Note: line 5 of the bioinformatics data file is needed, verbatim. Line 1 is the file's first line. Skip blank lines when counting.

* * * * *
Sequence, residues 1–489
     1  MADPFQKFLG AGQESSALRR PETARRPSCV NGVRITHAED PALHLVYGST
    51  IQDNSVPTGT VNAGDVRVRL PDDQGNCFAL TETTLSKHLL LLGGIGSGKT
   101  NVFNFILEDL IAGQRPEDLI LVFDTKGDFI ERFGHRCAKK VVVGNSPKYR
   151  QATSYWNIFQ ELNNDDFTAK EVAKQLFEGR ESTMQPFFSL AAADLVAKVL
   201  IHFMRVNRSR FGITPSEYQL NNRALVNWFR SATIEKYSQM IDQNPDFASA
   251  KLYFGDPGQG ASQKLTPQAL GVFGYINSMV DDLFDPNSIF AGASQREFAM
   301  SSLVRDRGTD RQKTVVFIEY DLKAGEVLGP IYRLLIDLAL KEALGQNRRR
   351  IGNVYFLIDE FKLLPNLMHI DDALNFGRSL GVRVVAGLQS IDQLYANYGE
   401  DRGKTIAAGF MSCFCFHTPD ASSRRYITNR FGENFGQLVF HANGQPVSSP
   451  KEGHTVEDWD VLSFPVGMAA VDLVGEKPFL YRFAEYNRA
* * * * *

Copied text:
   151  QATSYWNIFQ ELNNDDFTAK EVAKQLFEGR ESTMQPFFSL AAADLVAKVL